But one of the areas that I see is – that people all have their money going into paying the mortgage and paying other debts. Then the upkeep suffers, other windows start to need to be replaced, the roof needs to be replaced, the sidings coming out, and the direct effect on that neglect is felt from the valuation of your home. 

If your deck is falling off, guess what, you’re going to lose a lot of curbside appeal and a lot of marketability when trying to sell your house. It’s sort of what I alluded to earlier. It’s not as simple as mortgage versus rent. When I rent now, if my windows are leaking, I call my landlord and say you fix it. I don’t have to.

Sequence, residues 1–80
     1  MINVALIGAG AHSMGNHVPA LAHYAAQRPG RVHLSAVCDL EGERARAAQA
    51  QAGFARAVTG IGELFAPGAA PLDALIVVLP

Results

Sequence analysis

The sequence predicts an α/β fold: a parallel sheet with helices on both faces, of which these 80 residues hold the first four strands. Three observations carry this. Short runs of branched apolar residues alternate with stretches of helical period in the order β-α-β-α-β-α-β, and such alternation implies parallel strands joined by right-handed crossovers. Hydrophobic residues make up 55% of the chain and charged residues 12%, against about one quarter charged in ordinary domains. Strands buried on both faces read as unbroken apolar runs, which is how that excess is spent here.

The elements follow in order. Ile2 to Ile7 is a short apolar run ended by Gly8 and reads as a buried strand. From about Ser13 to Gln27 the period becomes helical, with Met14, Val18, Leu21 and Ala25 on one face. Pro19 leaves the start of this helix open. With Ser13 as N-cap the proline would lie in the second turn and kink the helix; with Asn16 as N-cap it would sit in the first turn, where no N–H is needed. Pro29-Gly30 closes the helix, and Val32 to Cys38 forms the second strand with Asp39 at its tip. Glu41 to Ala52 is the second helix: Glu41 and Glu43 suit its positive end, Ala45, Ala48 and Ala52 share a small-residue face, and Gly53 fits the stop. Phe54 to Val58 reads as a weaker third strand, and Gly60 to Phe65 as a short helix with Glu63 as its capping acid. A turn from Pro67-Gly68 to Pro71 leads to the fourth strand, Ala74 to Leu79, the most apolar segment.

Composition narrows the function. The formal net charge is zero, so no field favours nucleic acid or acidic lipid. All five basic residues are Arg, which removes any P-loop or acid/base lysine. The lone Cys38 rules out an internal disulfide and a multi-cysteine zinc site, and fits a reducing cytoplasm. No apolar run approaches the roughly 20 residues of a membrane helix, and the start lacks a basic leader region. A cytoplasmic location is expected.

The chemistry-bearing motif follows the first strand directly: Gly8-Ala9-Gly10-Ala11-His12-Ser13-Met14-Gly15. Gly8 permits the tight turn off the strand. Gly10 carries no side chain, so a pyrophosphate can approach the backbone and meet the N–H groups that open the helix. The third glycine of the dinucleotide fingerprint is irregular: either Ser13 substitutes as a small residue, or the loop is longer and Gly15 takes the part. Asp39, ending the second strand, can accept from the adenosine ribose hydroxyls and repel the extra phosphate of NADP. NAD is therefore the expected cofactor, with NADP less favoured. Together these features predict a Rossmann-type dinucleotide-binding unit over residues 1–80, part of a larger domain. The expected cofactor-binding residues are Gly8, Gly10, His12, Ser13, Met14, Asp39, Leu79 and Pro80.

Wayne Kay  15:41  

I’ve heard people say, sometimes it’s better for somebody to rent and put money aside and invest that for 25, 30, 40 years. And then others say, no owning a house is best for me. So that’s a really good thing that they need to keep in mind. It’s all these additional costs that come up. 

Now, let’s say you get into that situation where you have got to get the windows done or get the roof done. And for some reason, all the contractors I’ve ever talked to, they don’t know any other numbers than 5 grand or 10 grand that there’s only two numbers they know. And it doesn’t matter what it is they’re doing. So at what point can you get a second mortgage or a third mortgage? How does that work?

Matt Fader  16:28